By Carly Banks
Meet Cynthia (Cindy) Brewer-Loos Winkler.
Degree: Liberal Arts
Campus: Personalized Learning Online
Cindy Winkler is many things—mother, divorcee, National Park Service employee, grandmother, widow—and at the age of 71, she can finally add “college graduate” to her growing list.
On Dec. 15, she will walk across the graduation stage after completing her bachelor’s degree in liberal arts. It’s an extra special accomplishment that has been 43 years in the making.
Winkler made several efforts to earn a degree between 1974 and 2012, but something always seemed to get in the way. Supporting her family took priority over studying and attending classes, so her schooling was put on the back burner. To her, earning a degree was an impossible dream.
After her three children had grown and her husband had died, she figured it was as good a time as any to continue working toward her degree. She looked into different options and discovered Northern Arizona University’s Personalized Learning program.
“She was completely new to online learning when she began with us but caught up with the digital learning curve quickly and really thrived in the program,” said Jayme Davis, liberal arts professor and Winkler’s faculty mentor. “Her academic accomplishment is even more impressive considering she can only sit and type in 15- to 20-minute increments because of severe, painful arthritis.”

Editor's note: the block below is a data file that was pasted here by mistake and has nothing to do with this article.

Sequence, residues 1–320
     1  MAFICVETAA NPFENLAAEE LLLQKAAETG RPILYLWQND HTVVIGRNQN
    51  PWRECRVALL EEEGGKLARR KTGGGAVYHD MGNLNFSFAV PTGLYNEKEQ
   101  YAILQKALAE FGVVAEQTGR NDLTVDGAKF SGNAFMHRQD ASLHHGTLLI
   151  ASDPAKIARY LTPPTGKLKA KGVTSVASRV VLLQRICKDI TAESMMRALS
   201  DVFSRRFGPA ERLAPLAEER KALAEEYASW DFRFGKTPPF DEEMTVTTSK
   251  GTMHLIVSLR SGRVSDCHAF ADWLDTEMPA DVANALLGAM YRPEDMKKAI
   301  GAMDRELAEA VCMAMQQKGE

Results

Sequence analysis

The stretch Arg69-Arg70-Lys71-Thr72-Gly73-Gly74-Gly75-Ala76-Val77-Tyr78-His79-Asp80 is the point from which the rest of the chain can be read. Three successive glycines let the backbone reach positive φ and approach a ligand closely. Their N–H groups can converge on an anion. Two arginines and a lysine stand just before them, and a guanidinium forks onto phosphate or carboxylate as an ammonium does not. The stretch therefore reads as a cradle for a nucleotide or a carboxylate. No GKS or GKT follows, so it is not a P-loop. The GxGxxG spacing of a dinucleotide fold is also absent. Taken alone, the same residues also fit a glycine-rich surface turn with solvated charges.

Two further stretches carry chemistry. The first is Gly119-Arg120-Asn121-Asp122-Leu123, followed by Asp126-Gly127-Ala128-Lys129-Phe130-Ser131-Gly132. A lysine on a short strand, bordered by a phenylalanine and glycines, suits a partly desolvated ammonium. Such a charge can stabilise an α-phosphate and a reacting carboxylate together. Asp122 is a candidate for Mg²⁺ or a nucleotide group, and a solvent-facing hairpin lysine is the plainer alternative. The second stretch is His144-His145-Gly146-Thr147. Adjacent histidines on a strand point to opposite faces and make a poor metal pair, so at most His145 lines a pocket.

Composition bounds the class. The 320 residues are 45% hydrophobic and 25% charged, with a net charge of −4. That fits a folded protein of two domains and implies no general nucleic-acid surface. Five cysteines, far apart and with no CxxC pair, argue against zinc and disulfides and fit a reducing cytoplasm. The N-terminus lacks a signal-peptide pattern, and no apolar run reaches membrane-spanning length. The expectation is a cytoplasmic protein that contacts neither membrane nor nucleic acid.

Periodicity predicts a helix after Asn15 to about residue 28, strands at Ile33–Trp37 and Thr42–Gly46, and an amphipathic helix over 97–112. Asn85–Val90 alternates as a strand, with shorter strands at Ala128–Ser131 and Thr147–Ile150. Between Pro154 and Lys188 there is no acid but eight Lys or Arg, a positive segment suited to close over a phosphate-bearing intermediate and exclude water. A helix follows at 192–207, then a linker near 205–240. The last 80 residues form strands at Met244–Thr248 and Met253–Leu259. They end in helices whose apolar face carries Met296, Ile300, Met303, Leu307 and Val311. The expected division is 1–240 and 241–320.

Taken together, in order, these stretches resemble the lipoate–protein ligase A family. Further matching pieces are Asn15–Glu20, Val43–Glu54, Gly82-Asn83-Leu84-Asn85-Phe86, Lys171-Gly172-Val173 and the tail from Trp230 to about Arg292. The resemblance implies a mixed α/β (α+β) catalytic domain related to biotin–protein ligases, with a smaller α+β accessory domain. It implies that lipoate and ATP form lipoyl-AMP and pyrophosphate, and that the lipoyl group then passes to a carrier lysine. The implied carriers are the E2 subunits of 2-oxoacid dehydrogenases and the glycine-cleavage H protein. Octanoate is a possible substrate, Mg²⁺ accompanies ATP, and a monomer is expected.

But the learning curve, her health, a cross-country move and starting a family business didn’t stop Winkler from excelling.
“She is one of the most diligent and dedicated students I’ve had,” Davis said. “I’ve never had a student quite so enthusiastic about her schoolwork—she really relishes the world of ideas, and I would sometimes have to intervene and remind her not to work so hard.”
One of her school assignments required she read “Don Quixote”—the story of an elderly knight who, bemused by reading romances, sets out to seek adventure. His story resonated with Winkler, probably because it reminded her of her own journey.
“Graduating means more than reaching a long-sought goal, it means I accomplished more than I thought I was capable of,” Winkler said. “At times, I shed tears of frustration and doubt, at others I cried happy tears with each lesson I completed. I was afraid, inspired, encouraged, confident and constantly challenged. Like Don Quixote, this journey has been my impossible dream.”
NAU’s Personalized Learning program sparked Winkers passion for learning, and she plans to continue her education after graduation. She wants to apply to Teach for America and hopes to earn a scholarship with the Mayan Research program in Belize.
“I wanted to graduate from a great school, and I did. The journey continues!”